Because Cardiometabolic Health Conference (CMHC) is committed to keeping busy providers well-informed on the most current developments affecting their practice, this week’s Pulse Blog focuses on an important new update. Last month CMHC reported on the sometimes-complicated dietary recommendations for patients with comorbid cardiometabolic decline. Specifically, the contradiction that potassium-rich foods have benefits for those with cardiovascular disease but can be detrimental to the health of individuals with chronic kidney disease (CKD). Potassium: Helpful or Harmful outlined the complicated relationship between potassium and cardiometabolic comorbidities and called for further investigation into this important topic. Recently, a presenter at the Annual Dialysis Conference had some interesting insights on this topic after reexamining the research.
Diet and Dialysis
Dialysis is necessary when kidney disease is so advanced that the kidneys can no longer remove the extra water, solutes, and toxins from the body. Most patients who need dialysis are in end-stage kidney failure, when their kidneys have lost about 90% of their function. Patients receiving dialysis will usually need treatments their entire life or until they receive a kidney transplant. The issue of dietary potassium levels (read more about potassium and CKD here) is very relevant to dialysis patients because kidney function is so poor that extreme caution must be used to not cause further damage from high potassium levels. The concept of renal nutrition, especially for those on dialysis, is an important area of study involving how to prevent further kidney damage through diet.
Dr. Joshi’s Session
The Annual Dialysis Conference, held virtually March 4-6, 2022, addressed a myriad of topics related to improving the care and management of patients with CKD and other conditions requiring dialysis. As a clinical assistant professor of medicine at Bellevue Hospital and NYU Grossman School of Medicine, Shivam Joshi, MD, is an expert in renal nutrition. He has published dozens of papers on diet and kidney disease, and he won the National Kidney Foundation’s Joel D. Kopple Award in 2021 for his contributions to this area.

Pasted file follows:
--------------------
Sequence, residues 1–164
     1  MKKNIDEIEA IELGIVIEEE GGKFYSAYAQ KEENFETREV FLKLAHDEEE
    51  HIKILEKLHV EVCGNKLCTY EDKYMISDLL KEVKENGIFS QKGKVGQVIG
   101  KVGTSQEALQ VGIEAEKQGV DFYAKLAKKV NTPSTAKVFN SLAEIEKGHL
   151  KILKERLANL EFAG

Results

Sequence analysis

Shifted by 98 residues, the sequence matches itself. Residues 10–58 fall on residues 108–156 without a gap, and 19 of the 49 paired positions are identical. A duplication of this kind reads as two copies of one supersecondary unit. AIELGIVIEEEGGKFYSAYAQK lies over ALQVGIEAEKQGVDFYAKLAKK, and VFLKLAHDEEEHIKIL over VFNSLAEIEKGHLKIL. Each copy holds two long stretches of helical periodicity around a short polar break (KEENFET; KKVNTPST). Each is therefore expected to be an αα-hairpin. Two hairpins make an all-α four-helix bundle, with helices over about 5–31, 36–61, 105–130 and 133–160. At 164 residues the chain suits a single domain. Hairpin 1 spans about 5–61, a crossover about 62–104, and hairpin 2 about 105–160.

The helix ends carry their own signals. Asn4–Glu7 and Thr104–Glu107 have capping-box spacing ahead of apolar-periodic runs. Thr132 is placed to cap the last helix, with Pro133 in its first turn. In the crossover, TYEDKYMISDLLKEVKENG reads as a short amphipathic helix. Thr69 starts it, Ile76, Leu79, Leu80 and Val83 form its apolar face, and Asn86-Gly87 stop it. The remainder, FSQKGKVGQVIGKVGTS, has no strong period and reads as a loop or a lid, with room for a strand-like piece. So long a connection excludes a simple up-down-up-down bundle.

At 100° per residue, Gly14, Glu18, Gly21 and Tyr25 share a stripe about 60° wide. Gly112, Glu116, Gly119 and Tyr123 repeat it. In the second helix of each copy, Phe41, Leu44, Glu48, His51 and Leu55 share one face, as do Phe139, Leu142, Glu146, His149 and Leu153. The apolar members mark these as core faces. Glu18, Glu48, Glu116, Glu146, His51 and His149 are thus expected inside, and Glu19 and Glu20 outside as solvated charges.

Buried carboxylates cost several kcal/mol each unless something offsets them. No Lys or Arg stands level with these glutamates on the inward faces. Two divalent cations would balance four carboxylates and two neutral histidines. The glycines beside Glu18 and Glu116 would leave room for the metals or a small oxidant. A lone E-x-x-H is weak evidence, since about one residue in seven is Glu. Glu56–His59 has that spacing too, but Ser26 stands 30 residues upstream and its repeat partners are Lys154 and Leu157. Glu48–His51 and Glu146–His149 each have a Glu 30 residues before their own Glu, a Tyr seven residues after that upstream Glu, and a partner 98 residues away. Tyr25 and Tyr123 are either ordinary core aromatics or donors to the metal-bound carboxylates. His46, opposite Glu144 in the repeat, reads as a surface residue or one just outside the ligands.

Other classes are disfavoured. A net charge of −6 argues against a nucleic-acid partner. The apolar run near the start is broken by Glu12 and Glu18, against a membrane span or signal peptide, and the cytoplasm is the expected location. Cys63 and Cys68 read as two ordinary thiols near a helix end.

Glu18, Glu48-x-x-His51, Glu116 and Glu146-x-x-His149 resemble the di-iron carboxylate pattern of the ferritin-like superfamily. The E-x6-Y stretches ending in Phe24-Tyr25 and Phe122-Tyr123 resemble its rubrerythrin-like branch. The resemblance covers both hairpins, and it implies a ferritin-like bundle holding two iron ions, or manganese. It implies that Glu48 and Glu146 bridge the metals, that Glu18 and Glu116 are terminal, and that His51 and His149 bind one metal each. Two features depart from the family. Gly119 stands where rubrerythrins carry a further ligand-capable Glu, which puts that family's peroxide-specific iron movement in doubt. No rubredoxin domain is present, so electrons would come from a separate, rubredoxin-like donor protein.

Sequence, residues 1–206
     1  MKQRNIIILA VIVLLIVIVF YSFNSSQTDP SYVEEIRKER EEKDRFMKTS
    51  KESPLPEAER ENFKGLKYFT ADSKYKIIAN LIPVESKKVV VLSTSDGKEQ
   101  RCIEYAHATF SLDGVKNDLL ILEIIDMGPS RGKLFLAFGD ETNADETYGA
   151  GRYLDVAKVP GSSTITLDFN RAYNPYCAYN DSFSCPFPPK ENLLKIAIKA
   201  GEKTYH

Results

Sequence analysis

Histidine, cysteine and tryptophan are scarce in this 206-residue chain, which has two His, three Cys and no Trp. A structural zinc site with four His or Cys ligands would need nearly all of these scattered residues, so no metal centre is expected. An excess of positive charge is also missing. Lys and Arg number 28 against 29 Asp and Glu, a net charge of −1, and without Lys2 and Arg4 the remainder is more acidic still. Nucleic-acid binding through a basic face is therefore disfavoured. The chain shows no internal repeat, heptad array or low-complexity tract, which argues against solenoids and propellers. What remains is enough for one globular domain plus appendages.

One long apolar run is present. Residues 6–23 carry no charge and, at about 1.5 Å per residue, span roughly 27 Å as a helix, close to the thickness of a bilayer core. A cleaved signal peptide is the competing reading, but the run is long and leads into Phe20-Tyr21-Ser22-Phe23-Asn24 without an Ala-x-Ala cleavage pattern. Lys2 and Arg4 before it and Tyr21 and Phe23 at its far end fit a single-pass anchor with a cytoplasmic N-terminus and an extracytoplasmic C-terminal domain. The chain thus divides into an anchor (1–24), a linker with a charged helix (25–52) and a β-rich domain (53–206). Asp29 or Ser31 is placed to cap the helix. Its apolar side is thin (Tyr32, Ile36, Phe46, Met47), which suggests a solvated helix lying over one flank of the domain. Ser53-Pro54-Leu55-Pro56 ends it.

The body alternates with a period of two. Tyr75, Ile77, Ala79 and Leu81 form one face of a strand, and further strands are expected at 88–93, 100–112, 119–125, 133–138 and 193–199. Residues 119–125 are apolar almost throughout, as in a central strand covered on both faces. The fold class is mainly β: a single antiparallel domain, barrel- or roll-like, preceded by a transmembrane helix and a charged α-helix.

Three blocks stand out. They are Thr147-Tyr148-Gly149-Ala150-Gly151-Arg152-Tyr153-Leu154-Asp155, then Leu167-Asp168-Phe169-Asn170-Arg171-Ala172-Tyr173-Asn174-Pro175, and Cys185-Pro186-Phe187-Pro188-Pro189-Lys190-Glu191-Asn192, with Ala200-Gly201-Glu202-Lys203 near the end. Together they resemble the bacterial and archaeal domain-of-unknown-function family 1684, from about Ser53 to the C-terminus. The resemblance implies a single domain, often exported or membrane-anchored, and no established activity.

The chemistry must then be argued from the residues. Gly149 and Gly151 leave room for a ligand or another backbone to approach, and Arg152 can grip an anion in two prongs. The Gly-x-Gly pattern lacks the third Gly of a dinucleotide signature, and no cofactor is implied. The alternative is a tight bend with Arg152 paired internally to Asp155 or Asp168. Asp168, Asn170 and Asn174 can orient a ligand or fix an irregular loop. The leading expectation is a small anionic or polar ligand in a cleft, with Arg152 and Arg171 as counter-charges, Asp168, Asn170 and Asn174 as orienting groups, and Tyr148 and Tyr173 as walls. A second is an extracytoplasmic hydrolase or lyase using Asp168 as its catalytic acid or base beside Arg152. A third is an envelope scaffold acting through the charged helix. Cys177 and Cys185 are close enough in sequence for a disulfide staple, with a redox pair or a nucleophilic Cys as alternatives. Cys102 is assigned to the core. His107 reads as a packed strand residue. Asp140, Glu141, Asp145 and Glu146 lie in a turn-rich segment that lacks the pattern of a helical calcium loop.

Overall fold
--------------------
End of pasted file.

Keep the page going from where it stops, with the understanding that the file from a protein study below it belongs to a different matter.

Dr. Joshi’s presentation at the 2022 Annual Dialysis Conference covered a topic relevant to potassium intake for patients with CKD. In his presentation, Dr. Joshi noted that “plant-based diets have historically been avoided or neglected in the use of our patients with kidney disease, especially those on dialysis, for a variety of reasons including issues related to potassium and inadequate protein.” He went on to say that the risk of plant-based diets may be exaggerated because the research that risk was based on was problematic.
Dr. Joshi explained that some studies demonstrating that patients who ate a plant-based diet developed dangerously high potassium levels were eating processed plant foods like juices and sauces. Processing these fruits and vegetables removed the fiber, which is actually helpful to aid in the removal of serum potassium. Therefore, it is problematic to generalize that all plant-based diets, like those that focus on eating whole – not processed – fruits and vegetables, should be avoided by patients with CKD.
Ending his session, Dr. Joshi noted that more research into this area is needed to determine exactly how much potassium-rich food safe to consume for people with CKD, but pointed to evidence that a plant-based diet that included enough protein and focused on whole foods seemed to be safe for dialysis patients.
Contrary to the long-held idea that patients with CKD should avoid a diet high in potassium-rich fruits and vegetables, a session at the 2022 Annual Dialysis Conference suggests that patients with advanced and end-stage CKD requiring dialysis can keep their potassium levels under control while eating a plant-based diet.